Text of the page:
Approximately 25% of all human cancers carry KRAS gene mutations. These include most pancreatic cancers, as well as many cancers of the lung and colon. It has recently been suggested that drugs that interfere with cell division (anti-mitotic drugs) selectively kill KRAS-mutant cancer cells. This idea is being tested in clinical trials.
Researchers at the Medical Research Council (MRC) Cancer Unit (Dr David Perera and Prof Ashok Venkitaraman) have found that mutations in KRAS alone do not predict whether cancer cells will respond to anti-mitotic drugs. Instead, contrary to expectations, high expression of a second cancer-causing gene, c-MYC, cooperates with KRAS mutations to determine responsiveness. The study, entitled ‘Oncogenic KRAS triggers MAPK-dependent errors in mitosis and MYC-dependent sensitivity to anti-mitotic agents’ was recently published in Scientific Reports.
The authors used a cell line in which KRAS expression was synthetically induced to examine mitotic progression and chromosome behaviour shortly following KRAS overexpression. They noted a range of mitotic defects in these cells including errors in chromosome alignment and segregation. They observed similar effects in a number of other KRAS-mutant cell lines, an effect that was attributed to hyper-activation of the MAPK signalling pathway.
The mitotic delay in these KRAS activated cells was shown to enhance sensitivity to chemotherapeutic treatments that inhibit normal mitotic progression (e.g. paclitaxel). This was associated with a higher incidence of cell death and decreased colony forming activity. Further investigation revealed that KRAS activation increases sensitivity to anti-mitotic agents through two distinct mechanisms; by lowering the threshold for cell death induction and by delaying mitotic progression, thus allowing for death signals to accumulate. Examination of the mechanism underlying these effects demonstrated that they were mediated through c-MYC-mediated down-regulation of the anti-apoptotic protein BCL-XL.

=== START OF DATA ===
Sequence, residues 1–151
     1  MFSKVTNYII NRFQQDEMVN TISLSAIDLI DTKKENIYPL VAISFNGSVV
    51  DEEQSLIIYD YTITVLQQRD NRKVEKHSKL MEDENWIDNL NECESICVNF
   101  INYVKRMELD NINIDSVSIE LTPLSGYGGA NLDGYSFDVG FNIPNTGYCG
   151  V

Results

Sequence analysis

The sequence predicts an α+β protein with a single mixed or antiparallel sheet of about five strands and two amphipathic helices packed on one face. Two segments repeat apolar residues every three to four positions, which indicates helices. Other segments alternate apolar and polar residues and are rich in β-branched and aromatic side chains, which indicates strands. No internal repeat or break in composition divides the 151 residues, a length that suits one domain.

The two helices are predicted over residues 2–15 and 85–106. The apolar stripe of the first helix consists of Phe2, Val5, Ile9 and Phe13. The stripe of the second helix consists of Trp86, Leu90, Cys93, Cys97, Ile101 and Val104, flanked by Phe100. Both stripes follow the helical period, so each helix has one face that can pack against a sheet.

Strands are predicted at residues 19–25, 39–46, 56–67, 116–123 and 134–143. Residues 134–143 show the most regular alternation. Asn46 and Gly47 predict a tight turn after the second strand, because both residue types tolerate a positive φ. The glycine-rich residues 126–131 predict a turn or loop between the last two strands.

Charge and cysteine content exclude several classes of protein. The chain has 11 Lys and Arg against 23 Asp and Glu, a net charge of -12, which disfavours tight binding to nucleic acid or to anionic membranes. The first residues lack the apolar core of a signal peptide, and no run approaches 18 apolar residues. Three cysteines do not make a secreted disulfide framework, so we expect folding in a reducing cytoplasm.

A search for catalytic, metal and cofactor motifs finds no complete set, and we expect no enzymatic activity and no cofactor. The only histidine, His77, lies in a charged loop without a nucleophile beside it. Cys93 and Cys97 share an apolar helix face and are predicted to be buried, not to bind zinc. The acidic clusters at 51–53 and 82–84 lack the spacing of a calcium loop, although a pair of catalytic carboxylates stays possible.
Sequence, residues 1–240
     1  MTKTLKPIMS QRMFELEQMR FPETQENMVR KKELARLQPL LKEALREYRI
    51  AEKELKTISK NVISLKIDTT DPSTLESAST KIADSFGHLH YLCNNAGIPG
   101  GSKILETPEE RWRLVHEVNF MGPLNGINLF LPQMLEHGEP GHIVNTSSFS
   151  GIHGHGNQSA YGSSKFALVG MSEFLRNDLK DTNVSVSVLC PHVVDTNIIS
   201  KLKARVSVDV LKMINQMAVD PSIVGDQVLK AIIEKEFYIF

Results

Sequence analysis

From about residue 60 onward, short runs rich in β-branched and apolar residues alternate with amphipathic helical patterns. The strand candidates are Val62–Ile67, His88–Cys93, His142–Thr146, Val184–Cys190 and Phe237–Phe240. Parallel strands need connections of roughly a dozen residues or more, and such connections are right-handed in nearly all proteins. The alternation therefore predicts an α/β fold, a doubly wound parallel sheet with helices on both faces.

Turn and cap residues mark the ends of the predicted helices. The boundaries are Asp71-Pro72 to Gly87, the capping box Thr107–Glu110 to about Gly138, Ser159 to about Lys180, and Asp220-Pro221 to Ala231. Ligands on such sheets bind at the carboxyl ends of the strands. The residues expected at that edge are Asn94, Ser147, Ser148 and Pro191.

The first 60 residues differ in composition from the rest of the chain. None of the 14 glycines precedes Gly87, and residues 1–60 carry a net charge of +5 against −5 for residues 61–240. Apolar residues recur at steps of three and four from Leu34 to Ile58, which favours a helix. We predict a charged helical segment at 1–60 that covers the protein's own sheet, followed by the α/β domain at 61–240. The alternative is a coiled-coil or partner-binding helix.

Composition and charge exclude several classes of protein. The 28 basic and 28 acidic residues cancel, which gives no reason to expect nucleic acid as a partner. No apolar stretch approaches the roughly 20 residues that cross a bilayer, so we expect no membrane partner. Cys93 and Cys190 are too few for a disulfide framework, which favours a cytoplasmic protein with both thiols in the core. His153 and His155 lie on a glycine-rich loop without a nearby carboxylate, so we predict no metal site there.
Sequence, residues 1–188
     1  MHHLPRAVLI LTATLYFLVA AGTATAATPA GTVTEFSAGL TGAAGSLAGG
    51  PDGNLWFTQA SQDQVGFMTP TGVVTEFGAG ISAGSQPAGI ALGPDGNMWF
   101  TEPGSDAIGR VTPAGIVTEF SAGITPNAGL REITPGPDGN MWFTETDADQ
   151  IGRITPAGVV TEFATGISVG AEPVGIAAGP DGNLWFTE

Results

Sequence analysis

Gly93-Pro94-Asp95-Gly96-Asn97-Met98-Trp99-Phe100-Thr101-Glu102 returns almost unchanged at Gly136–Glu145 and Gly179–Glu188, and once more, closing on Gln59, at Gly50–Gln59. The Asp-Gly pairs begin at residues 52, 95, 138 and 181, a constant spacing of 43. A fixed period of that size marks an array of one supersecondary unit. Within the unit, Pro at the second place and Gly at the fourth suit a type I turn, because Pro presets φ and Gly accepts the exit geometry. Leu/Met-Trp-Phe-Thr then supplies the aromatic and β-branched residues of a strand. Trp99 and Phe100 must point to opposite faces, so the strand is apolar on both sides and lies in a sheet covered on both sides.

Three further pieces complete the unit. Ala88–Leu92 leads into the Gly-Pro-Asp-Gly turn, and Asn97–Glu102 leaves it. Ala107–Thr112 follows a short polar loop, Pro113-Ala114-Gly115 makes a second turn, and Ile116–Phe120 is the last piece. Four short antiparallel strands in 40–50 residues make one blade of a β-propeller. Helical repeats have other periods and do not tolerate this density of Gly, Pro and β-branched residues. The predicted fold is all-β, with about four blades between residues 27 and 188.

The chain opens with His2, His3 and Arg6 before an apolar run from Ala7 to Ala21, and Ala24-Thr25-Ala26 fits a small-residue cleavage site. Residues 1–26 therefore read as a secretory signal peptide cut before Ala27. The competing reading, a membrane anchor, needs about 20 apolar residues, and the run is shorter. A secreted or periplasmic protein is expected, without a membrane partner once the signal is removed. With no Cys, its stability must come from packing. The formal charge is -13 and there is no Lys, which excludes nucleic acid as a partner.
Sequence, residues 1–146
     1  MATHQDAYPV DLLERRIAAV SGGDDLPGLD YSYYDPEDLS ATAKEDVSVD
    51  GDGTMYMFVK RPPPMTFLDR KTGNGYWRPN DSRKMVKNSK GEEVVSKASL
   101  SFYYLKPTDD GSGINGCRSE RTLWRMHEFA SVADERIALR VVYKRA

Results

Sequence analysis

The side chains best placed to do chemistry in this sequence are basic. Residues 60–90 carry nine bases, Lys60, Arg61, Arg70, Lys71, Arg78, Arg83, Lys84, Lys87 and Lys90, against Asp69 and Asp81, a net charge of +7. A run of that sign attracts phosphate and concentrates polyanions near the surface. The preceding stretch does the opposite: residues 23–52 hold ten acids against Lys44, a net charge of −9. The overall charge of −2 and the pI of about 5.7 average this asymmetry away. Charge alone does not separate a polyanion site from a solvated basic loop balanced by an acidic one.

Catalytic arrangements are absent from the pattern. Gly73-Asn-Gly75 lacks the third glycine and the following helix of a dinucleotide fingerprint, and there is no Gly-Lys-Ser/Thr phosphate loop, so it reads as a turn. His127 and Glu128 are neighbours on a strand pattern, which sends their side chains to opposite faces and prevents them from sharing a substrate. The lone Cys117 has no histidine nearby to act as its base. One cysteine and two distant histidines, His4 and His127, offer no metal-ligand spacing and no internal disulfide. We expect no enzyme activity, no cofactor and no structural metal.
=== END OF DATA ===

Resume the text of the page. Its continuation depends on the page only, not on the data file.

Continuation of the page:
These findings led the authors to further investigate the possibility that anti-mitotic chemotherapies could be used to collectively target tumours with KRAS mutations. They assessed this theory using cultured cell lines (both wild-type and mutant for KRAS) and by surveying various databases of anti-cancer drug responses. While they found that KRAS mutations do not automatically confer sensitivity to anti-mitotic treatments, a possible cooperative effect of KRAS mutation and high c-MYC expression in determining anti-mitotic drug response was observed.
Dr David Perera, first author on this study, commented:"Our findings caution against the use of KRAS mutation alone as a biomarker predictive of response to anti-mitotic drugs such as paclitaxel, a drug which is currently used in the clinic for the treatment of several types of cancer. However, we suggest that high expression of a second cancer-causing gene, c-MYC, may cooperate with KRAS mutations to determine responsiveness.”
This study suggests that drugs targeting the cooperation between c-MYC and mutant KRAS could provide new approaches to treat pancreatic, lung or colon cancers. “Our study opens up new avenues to therapeutically target KRAS-mutant tumours and to stratify patients in ongoing clinical trials of anti-mitotic drugs.”
This work was supported by the UK Medical Research Council.